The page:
Simulated Penetration Testing: From "Dijkstra" to "Turing Test++"


  • Joerg Hoffmann Saarland University



Sequential decision making, penetration testing


Penetration testing (pentesting) is a well established method for identifying security weaknesses, by conducting friendly attacks. Simulated pentesting automates this process, through designing a model of the system at hand, and using model-based attack planning to generate the attacks. Classical planning variants of this idea are being used commercially by the pentesting industry since 2010. Such models can pinpoint potentially dangerous combinations of known vulnerabilities, but ignore the incomplete knowledge characteristic of hacking from the attacker's point of view. Yet, ideally, the simulation should conduct its attacks the same way a real attacker would. Hence the ultimate goal is much more ambitious: to realistically simulate a human hacker. This is a grand vision indeed; e.g., the classical Turing Test can be viewed as a sub-problem. Taking a more practical perspective, the simulated pentesting model space spans a broad range of sequential decision making problems. Analyzing prior work in AI and other relevant areas, we derive a systematization of this model space, highlighting a multitude of interesting challenges to AI sequential decision making research.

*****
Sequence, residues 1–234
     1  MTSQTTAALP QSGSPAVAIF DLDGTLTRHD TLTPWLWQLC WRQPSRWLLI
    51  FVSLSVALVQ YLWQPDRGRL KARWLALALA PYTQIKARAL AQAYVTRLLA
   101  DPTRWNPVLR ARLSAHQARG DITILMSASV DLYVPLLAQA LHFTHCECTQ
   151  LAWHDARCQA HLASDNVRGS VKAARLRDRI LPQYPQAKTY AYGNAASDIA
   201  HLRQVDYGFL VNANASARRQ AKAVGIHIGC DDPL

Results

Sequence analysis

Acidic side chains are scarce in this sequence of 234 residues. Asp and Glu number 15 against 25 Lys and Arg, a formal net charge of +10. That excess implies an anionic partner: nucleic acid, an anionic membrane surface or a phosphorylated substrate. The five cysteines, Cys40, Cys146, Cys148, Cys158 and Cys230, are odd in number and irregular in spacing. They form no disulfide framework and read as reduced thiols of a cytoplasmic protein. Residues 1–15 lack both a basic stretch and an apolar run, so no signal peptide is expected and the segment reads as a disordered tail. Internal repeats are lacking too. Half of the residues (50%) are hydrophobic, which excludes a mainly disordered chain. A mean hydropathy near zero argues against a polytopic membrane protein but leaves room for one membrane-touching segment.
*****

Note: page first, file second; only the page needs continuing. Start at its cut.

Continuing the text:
How to Cite

Hoffmann, J. (2015). Simulated Penetration Testing: From "Dijkstra" to "Turing Test++". Proceedings of the International Conference on Automated Planning and Scheduling, 25(1), 364-372.